In business we start with a problem statement and plan to solve it. But, race or racism is not a problem to be solved. It is the injustice, discrimination and hate that goes with it, those are the problems that need solving. A farmer can improve the yield of his crop by addressing the quality of the soil composition, but not just by picking out the damaged crops. It is the societies, institutions and organisations that need to change so that one day we will not need to say ‘Black Lives Matter.’ Prime Minister, Boris Johnson has announced that he will set up an equality commission to focus on discrimination in criminal justice, health, employment and education. However, to me, this feels like the long grass.
We need urgency and sustained attention, and we all have our role to play. Business leaders must have the courage to disrupt and step outside of their protectionist systems. Structures need to change and there must be an overhaul in decision-making at the top, inclusive of non-white hierarchies.
Workplaces must demonstrate compassion and provide training and coaching. We need much fairer recruitment practices including the anonymising of CVs to root out any discrimination from the start. Target setting is the easy part; the real work begins with the clear implementation of actions. If you are a predominantly white business, it will be harder to attract black, brown or ethnic minority background team members unless there is a real, commitment to inclusion. As Nelson Mandela said, “action without vision is only passing time, vision without action is merely day dreaming, but vision with action can change the world”.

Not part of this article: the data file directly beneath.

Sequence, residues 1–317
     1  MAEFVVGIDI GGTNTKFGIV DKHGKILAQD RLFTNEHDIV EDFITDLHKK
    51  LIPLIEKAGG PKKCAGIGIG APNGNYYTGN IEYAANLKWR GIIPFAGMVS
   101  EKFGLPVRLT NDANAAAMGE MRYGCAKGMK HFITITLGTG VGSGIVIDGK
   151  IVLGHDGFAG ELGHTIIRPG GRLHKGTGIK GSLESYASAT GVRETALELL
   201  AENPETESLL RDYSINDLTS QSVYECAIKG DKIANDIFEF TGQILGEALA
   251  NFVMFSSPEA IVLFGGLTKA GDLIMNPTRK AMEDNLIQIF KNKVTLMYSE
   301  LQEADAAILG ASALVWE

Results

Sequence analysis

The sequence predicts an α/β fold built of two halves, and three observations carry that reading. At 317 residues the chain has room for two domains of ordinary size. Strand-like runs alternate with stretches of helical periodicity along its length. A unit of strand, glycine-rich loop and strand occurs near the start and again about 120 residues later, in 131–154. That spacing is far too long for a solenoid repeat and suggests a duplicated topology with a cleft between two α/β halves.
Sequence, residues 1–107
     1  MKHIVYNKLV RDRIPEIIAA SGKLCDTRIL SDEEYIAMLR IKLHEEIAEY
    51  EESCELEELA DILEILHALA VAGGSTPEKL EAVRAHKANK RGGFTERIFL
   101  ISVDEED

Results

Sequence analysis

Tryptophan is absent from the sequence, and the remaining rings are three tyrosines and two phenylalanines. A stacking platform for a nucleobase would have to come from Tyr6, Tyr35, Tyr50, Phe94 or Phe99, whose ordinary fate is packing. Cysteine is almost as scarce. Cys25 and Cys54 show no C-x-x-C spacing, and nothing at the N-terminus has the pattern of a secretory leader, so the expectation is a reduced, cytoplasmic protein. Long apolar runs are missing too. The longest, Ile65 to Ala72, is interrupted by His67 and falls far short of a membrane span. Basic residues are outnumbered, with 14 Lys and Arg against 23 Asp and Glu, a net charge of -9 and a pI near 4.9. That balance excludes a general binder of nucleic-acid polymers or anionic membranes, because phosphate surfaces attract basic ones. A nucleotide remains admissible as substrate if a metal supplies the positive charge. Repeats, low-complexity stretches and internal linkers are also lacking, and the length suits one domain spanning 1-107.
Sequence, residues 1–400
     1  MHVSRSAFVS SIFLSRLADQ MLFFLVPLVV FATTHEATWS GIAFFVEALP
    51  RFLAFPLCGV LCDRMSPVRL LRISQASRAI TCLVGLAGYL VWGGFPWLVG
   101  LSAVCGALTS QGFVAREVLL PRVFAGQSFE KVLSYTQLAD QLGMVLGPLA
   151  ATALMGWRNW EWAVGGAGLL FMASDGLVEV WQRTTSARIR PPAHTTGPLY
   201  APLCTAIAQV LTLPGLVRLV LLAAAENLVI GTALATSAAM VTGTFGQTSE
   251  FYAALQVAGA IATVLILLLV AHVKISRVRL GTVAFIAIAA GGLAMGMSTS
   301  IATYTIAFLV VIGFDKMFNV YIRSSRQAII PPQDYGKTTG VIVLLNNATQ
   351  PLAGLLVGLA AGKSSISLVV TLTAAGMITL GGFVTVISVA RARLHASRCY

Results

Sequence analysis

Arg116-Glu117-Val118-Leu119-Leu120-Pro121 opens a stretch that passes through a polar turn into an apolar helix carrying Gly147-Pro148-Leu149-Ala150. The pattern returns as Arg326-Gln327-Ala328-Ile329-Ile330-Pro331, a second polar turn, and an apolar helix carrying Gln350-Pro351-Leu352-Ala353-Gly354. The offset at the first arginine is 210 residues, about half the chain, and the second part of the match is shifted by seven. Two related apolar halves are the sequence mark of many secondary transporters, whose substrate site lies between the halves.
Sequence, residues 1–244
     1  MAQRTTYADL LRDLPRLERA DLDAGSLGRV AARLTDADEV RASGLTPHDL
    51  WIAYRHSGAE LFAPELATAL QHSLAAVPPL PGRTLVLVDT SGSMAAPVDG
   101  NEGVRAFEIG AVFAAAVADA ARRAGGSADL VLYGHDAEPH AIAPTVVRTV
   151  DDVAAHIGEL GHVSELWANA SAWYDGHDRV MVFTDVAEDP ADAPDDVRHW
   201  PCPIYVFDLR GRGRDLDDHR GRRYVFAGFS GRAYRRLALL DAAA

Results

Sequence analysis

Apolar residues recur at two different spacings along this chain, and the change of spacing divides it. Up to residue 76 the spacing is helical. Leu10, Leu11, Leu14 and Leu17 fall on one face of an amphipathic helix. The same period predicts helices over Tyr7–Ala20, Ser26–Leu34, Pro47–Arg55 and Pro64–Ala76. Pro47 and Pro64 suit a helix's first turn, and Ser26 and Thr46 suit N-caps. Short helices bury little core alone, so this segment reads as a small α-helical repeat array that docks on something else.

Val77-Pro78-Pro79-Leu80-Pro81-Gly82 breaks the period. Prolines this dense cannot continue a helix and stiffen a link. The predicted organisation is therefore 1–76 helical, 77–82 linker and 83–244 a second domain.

I, like all people of colour, welcome the solidarity from our anti-racist allies and I am hopeful about the future. Now, the real work must begin, going beyond words and translating policy frameworks into palpable change in workplaces across the country.